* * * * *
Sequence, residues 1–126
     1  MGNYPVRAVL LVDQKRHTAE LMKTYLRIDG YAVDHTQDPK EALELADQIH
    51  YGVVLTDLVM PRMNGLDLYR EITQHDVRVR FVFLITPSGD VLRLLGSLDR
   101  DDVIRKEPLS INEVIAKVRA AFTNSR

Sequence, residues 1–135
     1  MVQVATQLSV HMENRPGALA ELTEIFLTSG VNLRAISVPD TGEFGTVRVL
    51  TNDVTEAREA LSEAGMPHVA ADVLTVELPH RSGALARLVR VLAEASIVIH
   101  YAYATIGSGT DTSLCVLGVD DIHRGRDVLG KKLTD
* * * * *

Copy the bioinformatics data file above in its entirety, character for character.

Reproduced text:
Sequence, residues 1–126
     1  MGNYPVRAVL LVDQKRHTAE LMKTYLRIDG YAVDHTQDPK EALELADQIH
    51  YGVVLTDLVM PRMNGLDLYR EITQHDVRVR FVFLITPSGD VLRLLGSLDR
   101  DDVIRKEPLS INEVIAKVRA AFTNSR

Sequence, residues 1–135
     1  MVQVATQLSV HMENRPGALA ELTEIFLTSG VNLRAISVPD TGEFGTVRVL
    51  TNDVTEAREA LSEAGMPHVA ADVLTVELPH RSGALARLVR VLAEASIVIH
   101  YAYATIGSGT DTSLCVLGVD DIHRGRDVLG KKLTD